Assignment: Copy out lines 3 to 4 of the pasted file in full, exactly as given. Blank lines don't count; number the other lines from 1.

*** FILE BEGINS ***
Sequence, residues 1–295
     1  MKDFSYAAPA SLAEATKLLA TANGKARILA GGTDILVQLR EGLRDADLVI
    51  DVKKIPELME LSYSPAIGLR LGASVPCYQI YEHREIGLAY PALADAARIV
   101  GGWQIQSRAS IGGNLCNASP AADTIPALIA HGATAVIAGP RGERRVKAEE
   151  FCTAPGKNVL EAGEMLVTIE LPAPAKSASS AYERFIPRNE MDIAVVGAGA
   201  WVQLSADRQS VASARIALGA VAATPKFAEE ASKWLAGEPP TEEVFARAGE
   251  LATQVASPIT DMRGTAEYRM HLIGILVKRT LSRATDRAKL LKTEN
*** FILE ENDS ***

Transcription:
    51  DVKKIPELME LSYSPAIGLR LGASVPCYQI YEHREIGLAY PALADAARIV
   101  GGWQIQSRAS IGGNLCNASP AADTIPALIA HGATAVIAGP RGERRVKAEE